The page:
Introduction: Fixing a Broken Guitar Neck

About: I'm a design engineer, university lecturer and weekend shed goblin.

So in this instructable I will show you how to repair a severe neck break. If you have any questions about the repair feel free to leave a comment.

Also if you love this repair you can vote for it or one of the other amazing repairs in the Fix it! contest

Step 1: Tools + Materials

This is what I used:

1 x g clamp x 300mm - you can use other clamps but avoid quick clamps if possible as the offer significantly less pressure

Bandsaw -(a jig saw or even a coping saw would work in place)

Titebond III glue

Mallet - my one I use for this has a plastic cap which is helpful but not nessecarily required

Allen key - Whatever size fits your guitar

Philips screwdriver

scalpel (optional)

A small scrap piece of wood

A small piece of rubber or leather


Note on Glues: most modern adhesives will do the trick, titebond II or III is what I use most. PU glues (expanding glues) also work well but cause a big mess and can bond to the finish. PVA based glues clean up with water so make for an easy life.

Step 2: Assessing the Damage

First of all get rid of the strings, you want no tension on the neck at all.

As you can see in the photos the break has separated the fretboard from the neck. This makes it a possibly more complicated repair. If the fretboard had lifted past the break line it would need to be removed and re glued.

If anyone would like a tutorial on removing a fretboard let me know in the comments (it's super easy!)

Note: With any repair there can be unique issues, it's a good idea to try and find what happened and when. With guitar neck repairs the faster you act the better. I have had one instance in the past where a person kept a broken guitar in parts in a duvet under the bed, this caused the neck to twist making the repair significantly more difficult.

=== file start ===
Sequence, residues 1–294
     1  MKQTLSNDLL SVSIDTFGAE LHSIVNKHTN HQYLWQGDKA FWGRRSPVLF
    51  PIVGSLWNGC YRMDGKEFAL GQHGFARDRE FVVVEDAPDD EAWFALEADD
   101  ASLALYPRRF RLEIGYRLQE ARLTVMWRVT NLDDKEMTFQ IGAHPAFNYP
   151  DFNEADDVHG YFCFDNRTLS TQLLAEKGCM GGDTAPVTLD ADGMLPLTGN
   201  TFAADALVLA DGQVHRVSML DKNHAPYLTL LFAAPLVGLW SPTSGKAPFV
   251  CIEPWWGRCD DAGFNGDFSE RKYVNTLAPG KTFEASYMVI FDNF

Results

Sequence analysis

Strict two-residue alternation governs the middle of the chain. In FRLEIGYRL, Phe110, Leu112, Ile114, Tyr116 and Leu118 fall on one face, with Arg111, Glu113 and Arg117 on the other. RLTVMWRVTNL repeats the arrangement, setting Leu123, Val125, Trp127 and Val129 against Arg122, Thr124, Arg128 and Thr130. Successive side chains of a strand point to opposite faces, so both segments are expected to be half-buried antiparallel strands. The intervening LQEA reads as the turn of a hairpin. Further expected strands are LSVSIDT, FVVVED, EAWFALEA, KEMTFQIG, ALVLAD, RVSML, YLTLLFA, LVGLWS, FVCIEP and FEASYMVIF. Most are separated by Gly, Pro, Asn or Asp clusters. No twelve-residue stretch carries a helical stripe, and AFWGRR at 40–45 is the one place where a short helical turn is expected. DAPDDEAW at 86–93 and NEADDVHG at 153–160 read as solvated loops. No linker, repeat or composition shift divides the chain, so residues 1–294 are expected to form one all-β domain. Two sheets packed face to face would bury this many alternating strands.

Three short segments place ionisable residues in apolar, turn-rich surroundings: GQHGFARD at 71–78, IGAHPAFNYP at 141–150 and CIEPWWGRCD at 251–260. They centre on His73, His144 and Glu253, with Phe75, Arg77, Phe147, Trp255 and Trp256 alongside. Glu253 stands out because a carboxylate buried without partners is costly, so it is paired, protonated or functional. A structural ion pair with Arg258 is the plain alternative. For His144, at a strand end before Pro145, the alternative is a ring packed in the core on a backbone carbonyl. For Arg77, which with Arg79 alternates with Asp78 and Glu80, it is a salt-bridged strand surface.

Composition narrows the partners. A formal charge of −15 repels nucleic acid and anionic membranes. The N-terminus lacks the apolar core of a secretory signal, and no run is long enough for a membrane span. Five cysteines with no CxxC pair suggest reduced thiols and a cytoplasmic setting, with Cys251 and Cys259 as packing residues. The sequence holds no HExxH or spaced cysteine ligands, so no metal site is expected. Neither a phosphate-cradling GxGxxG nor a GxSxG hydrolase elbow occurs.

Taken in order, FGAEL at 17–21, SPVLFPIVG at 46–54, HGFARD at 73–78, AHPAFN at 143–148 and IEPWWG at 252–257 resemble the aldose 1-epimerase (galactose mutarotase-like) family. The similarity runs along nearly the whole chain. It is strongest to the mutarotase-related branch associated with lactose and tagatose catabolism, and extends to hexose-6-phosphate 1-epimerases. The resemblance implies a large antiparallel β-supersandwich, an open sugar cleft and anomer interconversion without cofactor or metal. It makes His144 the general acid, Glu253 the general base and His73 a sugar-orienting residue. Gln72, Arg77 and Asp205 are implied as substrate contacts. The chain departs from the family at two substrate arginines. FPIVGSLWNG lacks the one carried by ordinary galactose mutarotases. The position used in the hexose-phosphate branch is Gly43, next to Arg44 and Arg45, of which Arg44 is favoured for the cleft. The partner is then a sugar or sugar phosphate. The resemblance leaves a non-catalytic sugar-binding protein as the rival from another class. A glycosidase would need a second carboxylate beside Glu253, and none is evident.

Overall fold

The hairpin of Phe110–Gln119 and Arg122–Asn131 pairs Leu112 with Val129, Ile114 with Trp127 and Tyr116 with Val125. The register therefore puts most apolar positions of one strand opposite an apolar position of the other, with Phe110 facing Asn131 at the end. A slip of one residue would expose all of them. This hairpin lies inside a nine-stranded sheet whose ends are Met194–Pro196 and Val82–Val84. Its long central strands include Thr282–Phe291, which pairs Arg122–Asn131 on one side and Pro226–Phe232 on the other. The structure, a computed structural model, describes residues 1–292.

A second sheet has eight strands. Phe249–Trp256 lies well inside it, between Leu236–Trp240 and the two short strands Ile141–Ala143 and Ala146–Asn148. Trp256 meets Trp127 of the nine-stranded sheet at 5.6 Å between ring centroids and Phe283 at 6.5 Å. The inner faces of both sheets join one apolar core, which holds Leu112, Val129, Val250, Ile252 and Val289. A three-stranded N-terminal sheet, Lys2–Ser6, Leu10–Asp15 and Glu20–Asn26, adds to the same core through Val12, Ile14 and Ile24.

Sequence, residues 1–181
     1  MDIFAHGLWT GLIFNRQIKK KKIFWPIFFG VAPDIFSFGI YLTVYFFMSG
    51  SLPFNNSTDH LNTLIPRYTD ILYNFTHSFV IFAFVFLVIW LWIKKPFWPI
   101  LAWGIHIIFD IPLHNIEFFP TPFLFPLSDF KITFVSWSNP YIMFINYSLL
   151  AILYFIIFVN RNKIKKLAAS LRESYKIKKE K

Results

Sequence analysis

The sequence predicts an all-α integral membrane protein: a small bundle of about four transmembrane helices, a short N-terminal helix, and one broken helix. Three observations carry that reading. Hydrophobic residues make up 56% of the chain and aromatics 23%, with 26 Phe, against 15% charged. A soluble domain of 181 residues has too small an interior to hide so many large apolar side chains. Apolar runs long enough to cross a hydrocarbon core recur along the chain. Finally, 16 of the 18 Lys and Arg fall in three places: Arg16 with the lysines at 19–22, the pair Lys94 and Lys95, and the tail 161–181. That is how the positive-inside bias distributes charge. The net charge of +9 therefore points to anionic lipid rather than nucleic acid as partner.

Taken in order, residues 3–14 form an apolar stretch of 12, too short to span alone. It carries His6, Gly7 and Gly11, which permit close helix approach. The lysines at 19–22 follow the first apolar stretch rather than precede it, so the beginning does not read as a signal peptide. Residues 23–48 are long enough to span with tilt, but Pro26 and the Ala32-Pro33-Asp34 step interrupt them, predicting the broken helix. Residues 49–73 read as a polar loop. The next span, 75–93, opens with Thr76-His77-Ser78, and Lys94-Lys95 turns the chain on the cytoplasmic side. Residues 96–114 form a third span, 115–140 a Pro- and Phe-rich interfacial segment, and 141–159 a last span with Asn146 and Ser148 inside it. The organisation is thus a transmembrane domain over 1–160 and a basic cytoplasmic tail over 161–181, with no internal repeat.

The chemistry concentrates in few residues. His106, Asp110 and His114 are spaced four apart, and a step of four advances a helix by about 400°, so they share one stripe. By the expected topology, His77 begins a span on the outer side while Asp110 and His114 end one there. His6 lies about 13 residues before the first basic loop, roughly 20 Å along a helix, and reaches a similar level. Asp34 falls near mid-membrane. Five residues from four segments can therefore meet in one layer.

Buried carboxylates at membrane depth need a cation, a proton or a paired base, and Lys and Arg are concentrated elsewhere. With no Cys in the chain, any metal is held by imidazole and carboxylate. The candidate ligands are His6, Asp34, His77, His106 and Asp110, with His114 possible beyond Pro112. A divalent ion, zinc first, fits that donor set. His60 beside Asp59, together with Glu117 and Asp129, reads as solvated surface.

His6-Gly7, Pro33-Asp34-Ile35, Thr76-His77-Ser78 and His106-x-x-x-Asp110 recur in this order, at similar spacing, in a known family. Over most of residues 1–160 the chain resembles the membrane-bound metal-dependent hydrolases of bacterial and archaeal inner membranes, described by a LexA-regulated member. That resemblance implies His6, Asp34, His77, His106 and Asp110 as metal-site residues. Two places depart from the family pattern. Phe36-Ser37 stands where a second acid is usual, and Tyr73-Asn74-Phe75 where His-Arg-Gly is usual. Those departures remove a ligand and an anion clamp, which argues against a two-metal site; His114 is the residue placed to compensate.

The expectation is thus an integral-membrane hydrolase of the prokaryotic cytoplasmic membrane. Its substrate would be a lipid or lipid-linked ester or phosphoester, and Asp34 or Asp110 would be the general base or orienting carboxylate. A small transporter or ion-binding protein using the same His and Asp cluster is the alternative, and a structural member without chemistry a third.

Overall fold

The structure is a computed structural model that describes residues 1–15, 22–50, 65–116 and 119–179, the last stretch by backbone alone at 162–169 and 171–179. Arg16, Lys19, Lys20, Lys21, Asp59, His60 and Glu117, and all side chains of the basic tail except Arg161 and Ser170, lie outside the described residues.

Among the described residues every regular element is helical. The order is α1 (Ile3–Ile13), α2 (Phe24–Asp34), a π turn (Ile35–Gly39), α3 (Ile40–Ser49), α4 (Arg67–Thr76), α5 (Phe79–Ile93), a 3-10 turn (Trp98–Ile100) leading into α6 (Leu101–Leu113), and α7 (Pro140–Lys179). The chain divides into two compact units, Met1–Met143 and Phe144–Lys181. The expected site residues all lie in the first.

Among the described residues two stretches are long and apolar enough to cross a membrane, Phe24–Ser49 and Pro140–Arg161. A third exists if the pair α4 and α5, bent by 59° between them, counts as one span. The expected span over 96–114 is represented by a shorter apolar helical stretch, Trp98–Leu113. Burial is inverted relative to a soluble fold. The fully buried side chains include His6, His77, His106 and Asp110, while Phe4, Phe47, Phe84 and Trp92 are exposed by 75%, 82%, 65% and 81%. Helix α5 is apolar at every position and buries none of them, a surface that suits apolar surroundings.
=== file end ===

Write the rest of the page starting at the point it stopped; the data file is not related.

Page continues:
Step 3: Tap Off the Nut and Remove

First remove the truss rod cover with your screwdriver and release tension on the truss rod with your Allen key.

Next with a mallet you can gently tap off the nut towards then headstock. If you are worried that the nut has been glued in you can take a scalpel to the edges to break the glue line.

Then you can gently remove the headstock with your hands pulling it out gently .

Note: In most cases the headstock does not need to come off but this one was quite bad.

Step 4: Block, Glue and Clamp

So for this stage I used a block of scrap wood (sapele if your interested) and cut a rough neck profile in on the bandsaw.

Note:It's a good idea to use a relatively hard wood for this as it will have a lot of pressure going through it.

Then place a scrap of material in profile cut in the block and cover both broken faces of the headstock in glue and clamp.

Note: Once clamped leave it alone for a good 24 hours!

Step 5: Done

At this point you can put the nut back in place with a small drop of superglue, reattach the truss rod cover and string the guitar back up.

I did this repair six years ago and the guitar is still going strong, it's an easy repair that people often charge a lot of money for.

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